Palm Beach Letter April 2016
There are no real assets in the Social Security trust fund.
Now, add a couple of more problems to the mix. Social Security has had two problems from the start.
The first is retirement age. When the government designed the program in 1935, it set the retirement age at 65. At that time, the average life expectancy of a newborn was just 59 years. Most people wouldn’t live long enough to collect benefits.
But the framers of Social Security didn’t address the possibility that life expectancies would increase. Today, life expectancy in the United States is 79.9 years.
The second major problem is demographics. When Social Security began, there were 41.9 workers for every retiree. It isn’t too difficult to fund a program where more than 40 workers support a single retiree.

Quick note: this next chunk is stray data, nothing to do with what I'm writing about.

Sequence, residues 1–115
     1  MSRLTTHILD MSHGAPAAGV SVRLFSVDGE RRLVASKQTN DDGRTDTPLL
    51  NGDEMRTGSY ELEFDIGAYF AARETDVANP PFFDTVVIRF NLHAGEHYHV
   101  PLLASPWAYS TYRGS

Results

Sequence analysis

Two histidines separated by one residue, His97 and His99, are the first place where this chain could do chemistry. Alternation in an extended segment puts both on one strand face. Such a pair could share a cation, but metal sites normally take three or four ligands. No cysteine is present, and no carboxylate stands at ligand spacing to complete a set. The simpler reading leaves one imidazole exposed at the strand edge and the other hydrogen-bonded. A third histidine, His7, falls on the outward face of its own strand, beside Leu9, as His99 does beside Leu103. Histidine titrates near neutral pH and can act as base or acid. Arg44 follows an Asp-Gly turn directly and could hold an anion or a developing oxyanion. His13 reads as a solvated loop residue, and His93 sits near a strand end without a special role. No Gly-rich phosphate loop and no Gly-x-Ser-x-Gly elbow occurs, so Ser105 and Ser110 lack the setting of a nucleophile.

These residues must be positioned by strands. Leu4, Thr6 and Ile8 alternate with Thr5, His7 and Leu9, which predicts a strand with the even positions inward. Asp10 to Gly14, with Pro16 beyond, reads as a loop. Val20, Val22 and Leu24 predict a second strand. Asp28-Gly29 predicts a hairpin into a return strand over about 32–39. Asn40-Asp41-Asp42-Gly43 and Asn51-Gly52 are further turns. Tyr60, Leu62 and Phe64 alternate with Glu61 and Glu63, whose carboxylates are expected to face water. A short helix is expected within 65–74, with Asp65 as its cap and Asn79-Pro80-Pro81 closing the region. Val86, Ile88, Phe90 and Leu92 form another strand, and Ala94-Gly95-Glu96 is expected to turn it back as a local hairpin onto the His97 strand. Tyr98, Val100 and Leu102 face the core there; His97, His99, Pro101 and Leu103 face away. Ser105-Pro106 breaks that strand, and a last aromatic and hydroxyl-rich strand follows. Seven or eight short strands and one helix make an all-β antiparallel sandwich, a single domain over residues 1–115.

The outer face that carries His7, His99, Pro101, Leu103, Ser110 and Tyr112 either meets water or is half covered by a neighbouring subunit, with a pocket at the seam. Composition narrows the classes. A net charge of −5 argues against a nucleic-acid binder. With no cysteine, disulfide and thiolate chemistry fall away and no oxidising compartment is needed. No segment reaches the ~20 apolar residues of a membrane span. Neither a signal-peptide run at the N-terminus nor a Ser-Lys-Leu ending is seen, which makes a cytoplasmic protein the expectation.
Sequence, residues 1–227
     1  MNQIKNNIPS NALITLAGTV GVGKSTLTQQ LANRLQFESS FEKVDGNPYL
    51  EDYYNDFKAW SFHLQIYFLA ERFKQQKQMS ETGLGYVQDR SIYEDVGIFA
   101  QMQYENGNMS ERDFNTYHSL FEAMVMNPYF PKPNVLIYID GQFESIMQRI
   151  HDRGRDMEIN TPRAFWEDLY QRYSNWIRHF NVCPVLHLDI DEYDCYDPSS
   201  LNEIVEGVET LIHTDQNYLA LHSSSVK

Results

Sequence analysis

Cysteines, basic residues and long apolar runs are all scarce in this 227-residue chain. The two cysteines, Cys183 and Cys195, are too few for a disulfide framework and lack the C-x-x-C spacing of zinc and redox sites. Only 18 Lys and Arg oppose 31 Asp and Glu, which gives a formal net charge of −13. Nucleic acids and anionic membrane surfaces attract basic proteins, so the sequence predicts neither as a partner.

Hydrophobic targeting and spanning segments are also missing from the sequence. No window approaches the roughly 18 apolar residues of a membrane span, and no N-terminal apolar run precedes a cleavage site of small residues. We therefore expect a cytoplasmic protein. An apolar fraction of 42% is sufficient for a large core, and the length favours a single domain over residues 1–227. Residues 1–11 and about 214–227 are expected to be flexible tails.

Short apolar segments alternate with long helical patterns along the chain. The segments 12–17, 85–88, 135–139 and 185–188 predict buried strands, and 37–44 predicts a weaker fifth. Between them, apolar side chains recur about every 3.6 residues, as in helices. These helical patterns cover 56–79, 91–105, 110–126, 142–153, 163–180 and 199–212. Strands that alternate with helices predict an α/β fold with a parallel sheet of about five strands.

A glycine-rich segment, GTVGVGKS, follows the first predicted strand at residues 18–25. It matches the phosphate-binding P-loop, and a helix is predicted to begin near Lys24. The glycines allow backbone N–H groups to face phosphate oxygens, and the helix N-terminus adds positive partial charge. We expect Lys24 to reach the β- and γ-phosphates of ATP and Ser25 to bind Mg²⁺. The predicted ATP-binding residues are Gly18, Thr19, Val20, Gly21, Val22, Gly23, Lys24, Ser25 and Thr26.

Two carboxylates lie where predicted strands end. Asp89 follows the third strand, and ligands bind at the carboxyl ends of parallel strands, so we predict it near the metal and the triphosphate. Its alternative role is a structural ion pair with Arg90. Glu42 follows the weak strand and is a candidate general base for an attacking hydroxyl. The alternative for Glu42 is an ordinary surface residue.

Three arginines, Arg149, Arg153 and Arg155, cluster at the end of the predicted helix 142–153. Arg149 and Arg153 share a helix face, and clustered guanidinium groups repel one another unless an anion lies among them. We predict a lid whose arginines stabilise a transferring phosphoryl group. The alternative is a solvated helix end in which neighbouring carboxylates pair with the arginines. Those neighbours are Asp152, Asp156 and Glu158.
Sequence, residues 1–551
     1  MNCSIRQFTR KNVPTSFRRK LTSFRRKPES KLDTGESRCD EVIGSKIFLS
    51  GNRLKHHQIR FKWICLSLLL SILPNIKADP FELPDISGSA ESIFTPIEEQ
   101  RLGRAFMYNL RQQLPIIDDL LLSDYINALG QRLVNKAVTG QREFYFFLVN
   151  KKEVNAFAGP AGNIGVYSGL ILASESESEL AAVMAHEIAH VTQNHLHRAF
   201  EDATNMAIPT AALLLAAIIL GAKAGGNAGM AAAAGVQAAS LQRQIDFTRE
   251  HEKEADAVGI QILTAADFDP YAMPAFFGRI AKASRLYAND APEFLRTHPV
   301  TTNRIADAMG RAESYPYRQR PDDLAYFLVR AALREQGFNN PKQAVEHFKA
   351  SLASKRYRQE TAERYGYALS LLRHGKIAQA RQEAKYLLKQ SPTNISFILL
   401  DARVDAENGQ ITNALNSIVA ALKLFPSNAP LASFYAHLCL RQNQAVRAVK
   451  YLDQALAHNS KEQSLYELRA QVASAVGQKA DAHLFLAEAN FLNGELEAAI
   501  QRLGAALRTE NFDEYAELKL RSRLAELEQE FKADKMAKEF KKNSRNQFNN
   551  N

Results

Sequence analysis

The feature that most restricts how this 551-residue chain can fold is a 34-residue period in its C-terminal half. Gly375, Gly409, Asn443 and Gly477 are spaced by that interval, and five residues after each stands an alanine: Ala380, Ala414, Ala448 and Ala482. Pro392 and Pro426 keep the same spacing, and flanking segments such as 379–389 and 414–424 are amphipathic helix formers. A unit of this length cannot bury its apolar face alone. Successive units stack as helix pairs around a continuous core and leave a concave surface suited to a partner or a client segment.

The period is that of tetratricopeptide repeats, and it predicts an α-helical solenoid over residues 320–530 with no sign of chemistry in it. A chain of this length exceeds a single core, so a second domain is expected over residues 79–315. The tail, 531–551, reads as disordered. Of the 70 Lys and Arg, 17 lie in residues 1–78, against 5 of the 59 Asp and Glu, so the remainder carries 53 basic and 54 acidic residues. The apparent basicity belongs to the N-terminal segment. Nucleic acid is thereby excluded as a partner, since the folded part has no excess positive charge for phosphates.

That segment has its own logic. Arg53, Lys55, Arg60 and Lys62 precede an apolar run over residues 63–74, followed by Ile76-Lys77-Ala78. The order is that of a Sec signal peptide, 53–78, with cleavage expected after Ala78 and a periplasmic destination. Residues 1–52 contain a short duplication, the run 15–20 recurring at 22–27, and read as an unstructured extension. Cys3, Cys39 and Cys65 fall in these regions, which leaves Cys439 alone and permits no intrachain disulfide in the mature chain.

But now, in 2015, there are just 2.8 workers supporting every person collecting Social Security benefits.
By 2030, the ratio will be 2:1.
There you have it. Zero dollars in the trust fund, higher life expectancies, and a big wave of people claiming more benefits.
Takeaway: More people are going to want money paid out for a lot longer… from an account that has no money in it.
No amount of financial smoke and mirrors will prevent the system from collapsing under its own weight.”